Walter E. Williams
by Walter E. Williams: Minimum
Wage's Discriminatory Effects
vision of government is easily understood and makes perfect sense
if one acknowledges their misunderstanding and implied assumptions
about the sources of income. Their vision helps explain the language
they use and policies they support, such as income redistribution
and calls for the rich to give something back.
true source of income was a gigantic pile of money meant to be shared
equally amongst Americans. The reason some people have more money
than others is because they got to the pile first and greedily took
an unfair share. That being the case, justice requires that the
rich give something back, and if they won't do so voluntarily, Congress
should confiscate their ill-gotten gains and return them to their
liberal implied assumption about the sources of income is that income
is distributed, as in distribution of income. There might be a dealer
of dollars. The reason why some people have more dollars than others
is because the dollar dealer is a racist, a sexist, a multinationalist
or a conservative. The only right thing to do, for those to whom
the dollar dealer unfairly dealt too many dollars, is to give back
their ill-gotten gains. If they refuse to do so, then it's the job
of Congress to use their agents at the IRS to confiscate their ill-gotten
gains and return them to their rightful owners. In a word, there
must be a re-dealing of the dollars or what some people call income
The sane among
us recognize that in a free society, income is neither taken nor
distributed; for the most part, it is earned. Income is earned by
pleasing one's fellow man. The greater one's ability to please his
fellow man, the greater is his claim on what his fellow man produces.
Those claims are represented by the number of dollars received from
his fellow man.
Say I mow
your lawn. For doing so, you pay me $20. I go to my grocer and demand,
"Give me 2 pounds of steak and a six-pack of beer that my fellow
man produced." In effect, the grocer asks, "Williams, you're asking
your fellow man to serve you. Did you serve him?" I reply, "Yes."
The grocer says, "Prove it."
I pull out the $20 I earned from serving my fellow man. We can think
of that $20 as "certificates of performance." They stand as proof
that I served my fellow man. It would be no different if I were
an orthopedic doctor, with a large clientele, earning $500,000 per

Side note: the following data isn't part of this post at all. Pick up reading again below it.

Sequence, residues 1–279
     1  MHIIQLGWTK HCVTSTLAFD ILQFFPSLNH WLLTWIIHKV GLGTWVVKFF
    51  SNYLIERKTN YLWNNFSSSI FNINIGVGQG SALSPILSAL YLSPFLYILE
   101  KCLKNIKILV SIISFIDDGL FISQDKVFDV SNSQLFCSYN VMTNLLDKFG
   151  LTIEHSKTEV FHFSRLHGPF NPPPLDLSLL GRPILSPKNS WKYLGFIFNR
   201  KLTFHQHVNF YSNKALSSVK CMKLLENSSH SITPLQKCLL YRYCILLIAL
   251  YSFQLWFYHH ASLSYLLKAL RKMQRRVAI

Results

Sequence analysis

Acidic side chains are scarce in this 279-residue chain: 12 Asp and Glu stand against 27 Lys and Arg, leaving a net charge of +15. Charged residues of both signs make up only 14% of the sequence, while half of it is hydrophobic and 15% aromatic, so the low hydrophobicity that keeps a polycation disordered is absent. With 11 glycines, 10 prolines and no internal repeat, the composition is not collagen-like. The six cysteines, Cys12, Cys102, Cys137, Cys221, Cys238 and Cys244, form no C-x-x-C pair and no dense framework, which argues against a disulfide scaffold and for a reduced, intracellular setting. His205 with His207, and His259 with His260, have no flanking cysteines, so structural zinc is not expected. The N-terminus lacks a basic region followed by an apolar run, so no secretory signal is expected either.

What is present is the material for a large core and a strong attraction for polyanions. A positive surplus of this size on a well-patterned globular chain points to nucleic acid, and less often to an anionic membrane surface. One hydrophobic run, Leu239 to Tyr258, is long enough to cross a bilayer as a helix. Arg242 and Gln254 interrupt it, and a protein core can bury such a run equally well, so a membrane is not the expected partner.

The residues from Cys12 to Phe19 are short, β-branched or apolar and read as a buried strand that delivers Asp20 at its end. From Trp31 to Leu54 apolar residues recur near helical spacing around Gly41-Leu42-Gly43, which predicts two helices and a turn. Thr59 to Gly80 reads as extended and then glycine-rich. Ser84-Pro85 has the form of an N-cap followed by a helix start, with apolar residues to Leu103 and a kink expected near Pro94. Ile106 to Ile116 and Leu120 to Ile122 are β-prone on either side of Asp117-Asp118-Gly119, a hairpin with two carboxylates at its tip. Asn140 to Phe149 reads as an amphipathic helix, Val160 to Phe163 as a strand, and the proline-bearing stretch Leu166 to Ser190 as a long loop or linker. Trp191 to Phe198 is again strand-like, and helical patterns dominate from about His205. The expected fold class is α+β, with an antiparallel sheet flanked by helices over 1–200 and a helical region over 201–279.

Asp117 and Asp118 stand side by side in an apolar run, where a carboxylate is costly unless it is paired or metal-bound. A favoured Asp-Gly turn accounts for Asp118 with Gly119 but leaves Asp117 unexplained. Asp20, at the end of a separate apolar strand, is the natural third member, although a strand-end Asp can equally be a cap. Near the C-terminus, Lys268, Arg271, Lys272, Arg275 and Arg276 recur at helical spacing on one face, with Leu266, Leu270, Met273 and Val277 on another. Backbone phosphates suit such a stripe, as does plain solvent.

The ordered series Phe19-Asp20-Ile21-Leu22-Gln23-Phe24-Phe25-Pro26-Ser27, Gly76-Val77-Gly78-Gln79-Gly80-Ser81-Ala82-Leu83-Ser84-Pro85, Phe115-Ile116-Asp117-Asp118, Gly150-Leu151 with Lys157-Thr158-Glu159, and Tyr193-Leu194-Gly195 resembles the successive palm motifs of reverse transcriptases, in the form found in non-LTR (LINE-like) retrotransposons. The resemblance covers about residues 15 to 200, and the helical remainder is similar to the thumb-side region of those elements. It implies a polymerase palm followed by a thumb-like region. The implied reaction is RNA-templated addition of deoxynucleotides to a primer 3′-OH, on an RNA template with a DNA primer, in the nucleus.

year by serving my fellow man. By the way, having mowed my fellow
man's lawn or set his fractured fibula, what else do I owe him or
anyone else? What's the case for being forced to give anything back?
If one wishes to be charitable, that's an entirely different matter.
morality of having to serve one's fellow man in order to have a
claim on what he produces with congressional handouts. In effect,
Congress says, "You don't have to serve your fellow man in order
to have a claim on what he produces. We'll take what he produces
and give it to you. Just vote for me."
should give back? Sam Walton founded Wal-Mart, Bill Gates founded
Microsoft, Steve Jobs founded Apple Computer. Which one of these
billionaires acquired their wealth by coercing us to purchase their
product? Which has taken the property of anyone?
Each of these
examples, and thousands more, is a person who served his fellow
men by producing products and services that made life easier. What
else do they owe? They've already given.
If anyone is
obliged to give something back, they are the thieves and recipients
of legalized theft, namely people who've used Congress, including
America's corporate welfare queens, to live at the expense of others.
When a nation vilifies the productive and makes mascots of the unproductive,
it doesn't bode well for its future.
E. Williams is the John M. Olin distinguished professor of economics
at George Mason University, and a nationally syndicated columnist.
To find out more about Walter E. Williams and read features by other
Creators Syndicate columnists and cartoonists, visit the Creators
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